Google escalates the competition in map services
May 16, 2013
On Wednesday, Google unveiled a new Google Maps, by far the biggest redesign since it introduced Maps eight years ago, The New York Times reports.
When users who are logged into Google visit Maps, they will see the places they frequently visit highlighted, like restaurants, museums and their home. Google learns the places they go by drawing information from all of Google’s services — including search and Maps history, Google Plus posts and information in users’ Gmail in-boxes.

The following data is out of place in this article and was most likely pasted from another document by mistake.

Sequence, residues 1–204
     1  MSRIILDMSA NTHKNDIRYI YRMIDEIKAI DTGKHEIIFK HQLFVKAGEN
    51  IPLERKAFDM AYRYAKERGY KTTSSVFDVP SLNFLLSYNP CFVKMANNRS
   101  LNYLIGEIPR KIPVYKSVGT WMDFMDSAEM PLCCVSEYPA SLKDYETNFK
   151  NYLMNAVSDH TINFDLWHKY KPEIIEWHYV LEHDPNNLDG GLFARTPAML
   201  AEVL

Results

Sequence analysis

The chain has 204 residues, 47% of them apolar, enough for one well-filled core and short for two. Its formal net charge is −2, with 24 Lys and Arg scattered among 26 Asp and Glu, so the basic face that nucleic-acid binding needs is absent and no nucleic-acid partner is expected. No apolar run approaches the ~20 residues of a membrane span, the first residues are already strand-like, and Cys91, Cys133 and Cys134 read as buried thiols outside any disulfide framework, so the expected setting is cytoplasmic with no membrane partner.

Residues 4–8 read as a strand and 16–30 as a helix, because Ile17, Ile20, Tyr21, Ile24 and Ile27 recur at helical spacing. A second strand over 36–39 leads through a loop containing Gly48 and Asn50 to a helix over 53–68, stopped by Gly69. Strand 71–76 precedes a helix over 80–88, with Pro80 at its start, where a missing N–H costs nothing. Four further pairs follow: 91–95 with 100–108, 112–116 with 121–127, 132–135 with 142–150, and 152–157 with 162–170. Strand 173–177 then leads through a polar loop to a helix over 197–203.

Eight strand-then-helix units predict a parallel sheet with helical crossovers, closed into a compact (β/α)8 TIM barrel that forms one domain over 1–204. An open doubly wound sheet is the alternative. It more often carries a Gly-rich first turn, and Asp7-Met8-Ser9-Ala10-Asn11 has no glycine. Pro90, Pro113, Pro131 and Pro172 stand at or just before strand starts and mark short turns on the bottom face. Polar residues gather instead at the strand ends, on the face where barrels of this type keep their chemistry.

When users visit a new city, Google will recommend places to go based on their preferences and those of people with similar tastes. The maps change in real time, so if you click on a museum, other museums in the city pop up and the small roads and landmarks needed to navigate to that museum appear.
The new service is available only to people who sign up for it to start, It will come to mobile devices later.
Google Earth, which shows 3-dimensional satellite imagery, is now incorporated into the online version of Google Maps, instead of being accessible only as an app to download. Google can do this because of a new technology that renders graphics inside a browser, instead of downloading images from a server.